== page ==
“Homeowners who have fireplaces or woodstoves should find an abundance of wood available this year as many trees were downed or removed after Superstorm Sandy,” said DEP Assistant Commissioner of Environmental Management Jane Kozinski. “But it’s important to remember that wood smoke does contain pollutants and there are steps you can take to minimize your impact on the environment, on your neighbor’s air quality and your own safety.”
Wood smoke contains fine particles that can contribute to air pollution. But by following a few key steps, in concert with having a properly installed and maintained woodstove or fireplace, residents can greatly reduce or eliminate smoke while burning wood.
The DEP recommends the following guidelines:
Allow wood to season for at least six months before burning it, meaning the wood should sit outdoors for at least this period of time. Seasoned wood is darker, has cracks in the end grain and sounds hollow when smacked against another piece of wood. Wood gathered after Superstorm Sandy is most likely dry enough now for proper burning but the longer the wood sits before burning, the better that the wood will burn, provided it is stored in a dry place.
Use a wood moisture meter to test the moisture content of wood. Wood burns most efficiently when its moisture content is below 20 percent.
Store wood, stacked neatly off the ground with the top covered to avoid rainwater.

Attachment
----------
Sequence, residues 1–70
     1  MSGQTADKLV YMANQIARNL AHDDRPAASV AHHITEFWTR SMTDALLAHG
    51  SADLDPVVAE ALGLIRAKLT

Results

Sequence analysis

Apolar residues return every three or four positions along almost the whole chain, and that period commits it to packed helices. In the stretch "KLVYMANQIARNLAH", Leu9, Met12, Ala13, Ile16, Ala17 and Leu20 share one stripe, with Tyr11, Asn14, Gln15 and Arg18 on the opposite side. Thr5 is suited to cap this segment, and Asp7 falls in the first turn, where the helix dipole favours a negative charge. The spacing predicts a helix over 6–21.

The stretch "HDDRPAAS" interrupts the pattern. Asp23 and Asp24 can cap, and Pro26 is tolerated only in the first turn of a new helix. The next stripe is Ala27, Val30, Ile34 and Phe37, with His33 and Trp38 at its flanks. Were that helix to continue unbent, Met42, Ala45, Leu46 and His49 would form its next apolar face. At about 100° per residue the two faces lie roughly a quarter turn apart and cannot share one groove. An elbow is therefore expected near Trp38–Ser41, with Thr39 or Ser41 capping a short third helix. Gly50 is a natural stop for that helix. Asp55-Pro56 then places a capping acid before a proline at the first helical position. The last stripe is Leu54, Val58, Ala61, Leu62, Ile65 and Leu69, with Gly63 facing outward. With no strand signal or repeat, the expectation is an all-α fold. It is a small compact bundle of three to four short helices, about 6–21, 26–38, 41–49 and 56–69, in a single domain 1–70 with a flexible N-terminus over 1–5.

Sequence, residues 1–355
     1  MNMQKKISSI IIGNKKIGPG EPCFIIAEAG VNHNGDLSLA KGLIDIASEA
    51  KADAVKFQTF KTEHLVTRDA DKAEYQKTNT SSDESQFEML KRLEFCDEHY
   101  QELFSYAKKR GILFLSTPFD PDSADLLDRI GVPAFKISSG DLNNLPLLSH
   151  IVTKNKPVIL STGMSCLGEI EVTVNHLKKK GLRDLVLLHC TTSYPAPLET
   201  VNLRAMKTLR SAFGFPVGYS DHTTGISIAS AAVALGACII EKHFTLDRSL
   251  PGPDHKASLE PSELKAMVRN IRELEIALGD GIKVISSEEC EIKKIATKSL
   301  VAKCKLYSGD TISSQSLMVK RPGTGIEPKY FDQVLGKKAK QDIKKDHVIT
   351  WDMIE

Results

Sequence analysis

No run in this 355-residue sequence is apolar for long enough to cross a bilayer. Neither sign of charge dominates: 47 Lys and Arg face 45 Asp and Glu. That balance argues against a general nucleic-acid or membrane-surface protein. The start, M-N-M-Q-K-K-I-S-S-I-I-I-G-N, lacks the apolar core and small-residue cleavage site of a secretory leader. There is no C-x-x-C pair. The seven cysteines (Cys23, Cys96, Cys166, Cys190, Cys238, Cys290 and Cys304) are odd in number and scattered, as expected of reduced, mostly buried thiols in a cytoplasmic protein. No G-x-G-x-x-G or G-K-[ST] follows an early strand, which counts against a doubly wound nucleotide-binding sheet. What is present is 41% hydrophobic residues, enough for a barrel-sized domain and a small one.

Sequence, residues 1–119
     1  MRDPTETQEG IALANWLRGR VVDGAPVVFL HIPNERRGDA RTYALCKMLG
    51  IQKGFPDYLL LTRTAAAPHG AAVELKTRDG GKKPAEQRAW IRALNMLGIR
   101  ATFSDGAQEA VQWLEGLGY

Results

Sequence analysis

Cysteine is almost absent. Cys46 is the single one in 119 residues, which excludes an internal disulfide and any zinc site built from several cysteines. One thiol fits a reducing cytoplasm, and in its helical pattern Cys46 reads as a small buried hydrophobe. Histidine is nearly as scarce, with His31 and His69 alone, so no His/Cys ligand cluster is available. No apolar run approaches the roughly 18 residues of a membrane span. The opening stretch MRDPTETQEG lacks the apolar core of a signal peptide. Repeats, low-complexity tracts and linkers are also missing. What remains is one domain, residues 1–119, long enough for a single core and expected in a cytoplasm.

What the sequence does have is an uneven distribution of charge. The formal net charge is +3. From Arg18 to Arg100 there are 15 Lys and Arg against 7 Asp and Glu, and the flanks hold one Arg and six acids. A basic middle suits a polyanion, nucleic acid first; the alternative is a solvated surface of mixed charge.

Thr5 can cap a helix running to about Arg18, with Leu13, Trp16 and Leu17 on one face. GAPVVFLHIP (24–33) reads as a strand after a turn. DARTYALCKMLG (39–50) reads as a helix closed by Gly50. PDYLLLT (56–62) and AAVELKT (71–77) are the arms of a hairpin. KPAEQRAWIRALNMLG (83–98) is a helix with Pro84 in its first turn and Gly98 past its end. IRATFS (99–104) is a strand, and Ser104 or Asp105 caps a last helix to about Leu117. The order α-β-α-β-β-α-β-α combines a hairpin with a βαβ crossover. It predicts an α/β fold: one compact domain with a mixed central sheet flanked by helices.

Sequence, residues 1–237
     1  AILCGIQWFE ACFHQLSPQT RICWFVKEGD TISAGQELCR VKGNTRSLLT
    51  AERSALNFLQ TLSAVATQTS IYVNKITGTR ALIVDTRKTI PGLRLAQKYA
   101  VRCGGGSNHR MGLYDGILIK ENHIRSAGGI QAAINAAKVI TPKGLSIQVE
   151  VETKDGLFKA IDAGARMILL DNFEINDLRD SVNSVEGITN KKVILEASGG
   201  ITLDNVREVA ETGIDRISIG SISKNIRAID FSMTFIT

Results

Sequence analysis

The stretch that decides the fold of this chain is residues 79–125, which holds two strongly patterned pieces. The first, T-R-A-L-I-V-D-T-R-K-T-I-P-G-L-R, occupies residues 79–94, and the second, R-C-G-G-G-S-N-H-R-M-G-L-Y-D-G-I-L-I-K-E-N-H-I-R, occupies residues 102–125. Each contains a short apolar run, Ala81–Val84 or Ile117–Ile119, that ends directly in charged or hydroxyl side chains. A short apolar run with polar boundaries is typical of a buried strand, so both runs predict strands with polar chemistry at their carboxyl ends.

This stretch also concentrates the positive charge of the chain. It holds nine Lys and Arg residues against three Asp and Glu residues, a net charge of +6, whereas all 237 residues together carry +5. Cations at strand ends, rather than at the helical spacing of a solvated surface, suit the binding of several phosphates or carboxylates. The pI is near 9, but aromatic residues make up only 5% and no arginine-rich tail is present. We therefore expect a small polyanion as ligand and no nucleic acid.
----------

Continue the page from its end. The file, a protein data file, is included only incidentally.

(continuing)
Start fires with newspaper and dry kindling and keep them burning hot.
Regularly remove ashes to ensure proper airflow.
Never burn garbage, cardboard, plastics, wrapping materials, painted materials or other materials in your stove or fireplace.
Remember to keep anything flammable - including drapes, furniture, newspapers and books - far away from any wood-burning appliance. Keep an accessible and recently inspected fire extinguisher nearby.
The DEP also urges residents to check local air quality at http://www.njaqinow.net prior to burning wood and to consider other heating alternatives on days the air quality is unhealthy.
State regulations and some municipal ordinances prohibit the emission of visible smoke from outdoor wood boilers. These boilers heat a fluid that is circulated in homes and buildings for heating purposes. Under state regulations, these boilers may only emit visible smoke for three minutes every half-hour to allow for fire-starting.
In deciding how to heat your home this winter and reduce your exposure to fine particles from wood smoke, DEP recommends upgrading to an Environmental Protection Authority-certified wood stove or fireplace insert. The newer equipment will reduce air pollution and is much more energy efficient.
For more information on wood burning in New Jersey, visit: http://www.nj.gov/dep/baqp/woodburning.html
For more on the EPA’s Burnwise program, visit: http://www.epa.gov/burnwise/ Posted by: rt23 staff
November 08, 2013
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